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Accolades for New US Ambassador in Skopje Ceremony

September 7, 2005

By Christopher Deliso

Gillian Arlette Milovanovic, the new American ambassador to Macedonia, has finally arrived and on Tuesday presented her credentials to President Crvenkovski, ending months of waiting and, previously, speculation as to who would replace the departed Lawrence Butler.

According to state media body MIA, the new ambassador last served as Deputy Chief of Mission at the US Embassy in South Africa, and previously had served as Deputy Chief of Mission at the US Embassy in Sweden and Director of the Office of Nordic and Baltic Affairs at the Department of State.”…Someone once said that Macedonia is ‘a small country with a huge heart,’” said Ambassador Milovanovic, according to MIA.

“I can witness this truth despite my short stay here. Macedonia is gifted with natural beauties, rich history and cultural diversity. I am looking forward to serving here, working on the strengthening of the already firm relations [between the US and Macedonia].”

In his welcoming speech, Crvenkovski played up the ‘war on terror’ and Macedonia’s token troop contributions to American operations in Iraq and Afghanistan, hoping that these gestures would continue to pay off diplomatically: “…I am convinced that [the] USA will continue to support Macedonia in the realization of its statehood and national priorities, i.e. building of [a] multiethnic, democratic and economically prosperous state,” said the president.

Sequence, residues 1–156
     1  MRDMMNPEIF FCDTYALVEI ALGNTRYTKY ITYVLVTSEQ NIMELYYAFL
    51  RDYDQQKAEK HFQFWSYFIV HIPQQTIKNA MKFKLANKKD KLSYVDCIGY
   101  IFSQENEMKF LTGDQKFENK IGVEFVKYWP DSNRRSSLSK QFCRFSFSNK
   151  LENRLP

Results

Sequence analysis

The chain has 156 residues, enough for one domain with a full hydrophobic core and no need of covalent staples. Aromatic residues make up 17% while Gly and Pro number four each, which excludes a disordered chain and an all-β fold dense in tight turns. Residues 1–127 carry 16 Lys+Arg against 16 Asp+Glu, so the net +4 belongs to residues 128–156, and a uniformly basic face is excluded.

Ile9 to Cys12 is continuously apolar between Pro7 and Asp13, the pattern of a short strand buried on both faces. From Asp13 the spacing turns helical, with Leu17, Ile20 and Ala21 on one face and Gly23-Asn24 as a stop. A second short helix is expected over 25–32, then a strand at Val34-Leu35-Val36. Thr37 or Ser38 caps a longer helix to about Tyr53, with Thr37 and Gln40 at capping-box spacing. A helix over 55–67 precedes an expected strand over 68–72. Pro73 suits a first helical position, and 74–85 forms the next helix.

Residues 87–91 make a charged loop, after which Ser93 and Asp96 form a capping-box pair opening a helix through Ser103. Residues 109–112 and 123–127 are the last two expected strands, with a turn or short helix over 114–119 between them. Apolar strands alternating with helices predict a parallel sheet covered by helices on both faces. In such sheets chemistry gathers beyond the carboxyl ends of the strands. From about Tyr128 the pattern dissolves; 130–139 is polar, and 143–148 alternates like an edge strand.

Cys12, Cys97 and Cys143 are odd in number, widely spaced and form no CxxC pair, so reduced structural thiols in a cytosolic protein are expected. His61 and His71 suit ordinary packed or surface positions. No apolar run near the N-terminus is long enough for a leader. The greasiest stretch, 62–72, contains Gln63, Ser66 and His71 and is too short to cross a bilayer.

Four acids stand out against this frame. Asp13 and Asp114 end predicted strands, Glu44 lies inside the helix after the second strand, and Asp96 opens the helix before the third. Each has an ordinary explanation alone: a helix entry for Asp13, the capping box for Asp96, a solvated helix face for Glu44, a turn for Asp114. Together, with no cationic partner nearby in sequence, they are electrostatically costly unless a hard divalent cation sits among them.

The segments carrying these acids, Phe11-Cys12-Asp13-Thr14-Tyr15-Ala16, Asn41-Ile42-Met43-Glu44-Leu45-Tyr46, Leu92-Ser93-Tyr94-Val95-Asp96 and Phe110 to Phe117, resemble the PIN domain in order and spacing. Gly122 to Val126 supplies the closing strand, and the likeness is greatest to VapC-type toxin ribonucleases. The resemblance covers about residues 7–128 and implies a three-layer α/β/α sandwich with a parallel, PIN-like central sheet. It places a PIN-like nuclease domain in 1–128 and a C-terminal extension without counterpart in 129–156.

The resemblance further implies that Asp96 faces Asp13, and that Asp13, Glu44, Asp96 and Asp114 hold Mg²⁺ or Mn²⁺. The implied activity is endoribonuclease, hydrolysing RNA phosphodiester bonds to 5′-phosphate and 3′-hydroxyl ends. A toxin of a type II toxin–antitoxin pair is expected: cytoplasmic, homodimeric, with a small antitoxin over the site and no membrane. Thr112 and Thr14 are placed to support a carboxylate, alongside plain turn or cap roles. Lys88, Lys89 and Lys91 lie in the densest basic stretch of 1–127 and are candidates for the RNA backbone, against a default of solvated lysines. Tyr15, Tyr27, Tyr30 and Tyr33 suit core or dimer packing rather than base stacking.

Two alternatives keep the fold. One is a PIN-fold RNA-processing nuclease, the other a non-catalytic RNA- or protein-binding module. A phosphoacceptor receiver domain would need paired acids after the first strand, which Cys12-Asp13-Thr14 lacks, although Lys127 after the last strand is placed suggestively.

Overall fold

Looking forward to Macedonia’s becoming “…a future full-fledged member of [the] Euro-Atlantic institutions,” Crvenkovski cited Macedonia’s participation in the Adriatic Charter as an “exceptionally important element” in the process, something which the new American ambassador echoed in enthusing that the partnership would help Macedonia in “…fulfilling the ultimate goal – NATO membership.”

Branko, however, perhaps went a bit far when saying that Macedonia “would support USA in the establishment of democracy worldwide – a lofty goal considering that the consolidation of this ruling principle at home remains far from complete.

Indeed, the president has continued to express his disapproval of the government’s mishandling of the celebrated case of Kondovo, stating yesterday for MIA that “…the law will either rule in Macedonia or not. Laws will be either valid for all or we shall promote lawlessness.” And there is always the issue of government interference and intimidation against voters, something from which the president and government are not entirely immune.

Getting the new US Ambassador, as well as other key figures, to take a no-nonsense line against Albanian militantism such as has been seen in Kondovo remains Crvenkovski’s biggest challenge. Most of the previous US ambassadors to Macedonia have been non-committal or outright appeasing to Albanian demands. Indeed, this perceived tendency has resulted in a lack of enthusiasm for any American ambassador amongst Macedonians, except for the well liked and pre-war Christopher Hill.